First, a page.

- Funding research into renewable energy sources
- Requiring utilities to produce 20 percent of their electricity from renewable sources
In all of the 10 largest U.S. cities that have Republican mayors and also voted Republican in the 2008 presidential election, county-level polling data showed majority support for all four climate policies. Examples included Jacksonville, Florida, and Fort Worth, Texas. None of these cities participated in any of the 10 climate networks that we reviewed in our report.
This finding suggests that popular support exists for action on climate change, and that residents of these cities who advocate acting could lobby their elected officials to join climate networks. Indeed, we have found that one of the top three reasons mayors join city policy networks is because it signals their priorities. A mayor of a medium-sized West Coast city told us: “Your constituents are expecting you to represent them, so we are trying politically to be their voice.”
Climate-friendly strategies, but few emissions targets
Next I reviewed planning documents from the 29 largest U.S. cities that are led by Republican mayors. Among this group, 15 have developed or are developing concrete goals that guide their efforts to improve local environmental quality. Many of these actions reduce cities’ carbon footprints, although they are not primarily framed that way.
Rather, these cities most frequently cast targets for achieving energy savings and curbing local air pollution as part of their master plans. Some package them as part of dedicated sustainability strategies.
These agendas often evoke images of disrupted ecosystems that need to be conserved, or that endanger human health and quality of life. Some also spotlight cost savings from designing infrastructure to cope with more extreme weather events.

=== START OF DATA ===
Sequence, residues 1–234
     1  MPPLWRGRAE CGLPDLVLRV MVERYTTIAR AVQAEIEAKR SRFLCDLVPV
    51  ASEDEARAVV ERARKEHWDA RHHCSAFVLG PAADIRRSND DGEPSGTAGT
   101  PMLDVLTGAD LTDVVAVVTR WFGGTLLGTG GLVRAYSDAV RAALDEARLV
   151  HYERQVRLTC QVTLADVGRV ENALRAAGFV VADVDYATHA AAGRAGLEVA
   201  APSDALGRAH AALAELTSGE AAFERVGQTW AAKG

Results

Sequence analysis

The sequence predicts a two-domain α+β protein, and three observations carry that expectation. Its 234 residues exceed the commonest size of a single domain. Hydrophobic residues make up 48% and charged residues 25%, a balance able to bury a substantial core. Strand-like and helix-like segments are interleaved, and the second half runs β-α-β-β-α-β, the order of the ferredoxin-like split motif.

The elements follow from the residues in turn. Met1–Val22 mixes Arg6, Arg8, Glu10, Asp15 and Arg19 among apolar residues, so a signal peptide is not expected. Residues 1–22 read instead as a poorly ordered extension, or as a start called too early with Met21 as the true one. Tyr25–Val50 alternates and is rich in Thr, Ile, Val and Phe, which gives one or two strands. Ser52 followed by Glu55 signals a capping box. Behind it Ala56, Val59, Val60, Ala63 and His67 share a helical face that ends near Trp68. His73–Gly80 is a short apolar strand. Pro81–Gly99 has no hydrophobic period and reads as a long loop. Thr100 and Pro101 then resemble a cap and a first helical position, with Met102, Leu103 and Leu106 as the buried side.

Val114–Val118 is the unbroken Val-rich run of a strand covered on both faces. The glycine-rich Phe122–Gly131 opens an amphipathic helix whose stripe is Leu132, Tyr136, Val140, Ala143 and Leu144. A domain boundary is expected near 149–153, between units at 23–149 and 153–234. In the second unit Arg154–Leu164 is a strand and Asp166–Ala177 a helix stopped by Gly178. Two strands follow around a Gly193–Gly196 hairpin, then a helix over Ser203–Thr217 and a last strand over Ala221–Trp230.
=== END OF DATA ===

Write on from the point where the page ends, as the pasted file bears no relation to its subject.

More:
In contrast, only seven cities in this group had developed quantitative greenhouse gas reduction targets. Except for Miami, all of them are in California, which requires its cities to align their greenhouse gas reduction targets with state plans. From planning documents it appears that none of the six Californian cities goes far beyond minimum mandated emission reductions set by the state for 2020.
Watch what they do, not what they say
The real measure of Republican mayors taking action on climate change is not the number of networks they join but the policy steps they take, often quietly, at home. While few Republican mayors may attend the next round of sub-national climate summits, many have set out policy agendas that mitigate climate change, without calling a lot of attention to it – much like a number of rural U.S. communities. Focusing narrowly on policy labels and public commitments by mayors fails to capture the various forms of local climate action, especially in GOP-led cities.
Carmel, Indiana Mayor James Brainard has suggested that some of his less-outspoken counterparts may fear a backlash from conservative opinion-makers. “There is a lot of Republicans out there that think like I do. They have been intimidated, to some extent, by the Tea Party and the conservative talk show hosts,” Brainard has said.
Indeed, studies show that the news environment has become increasingly polarized around accepting or denying climate science. Avoiding explicit mention of climate change is enabling a sizable number of big-city GOP mayors to pursue policies that advance climate goals.
Nicolas Gunkel joined the Boston University Initiative on Cities, an urban leadership institute, in November 2017. He is co-author of the report “Cities Joining Ranks”, which for the first time systematically reviews city policy networks in the US (incl. C40, 100RC, ICLEI USA) and develops clusters of cities based on membership overlaps.
This article has been republished from The Conversation.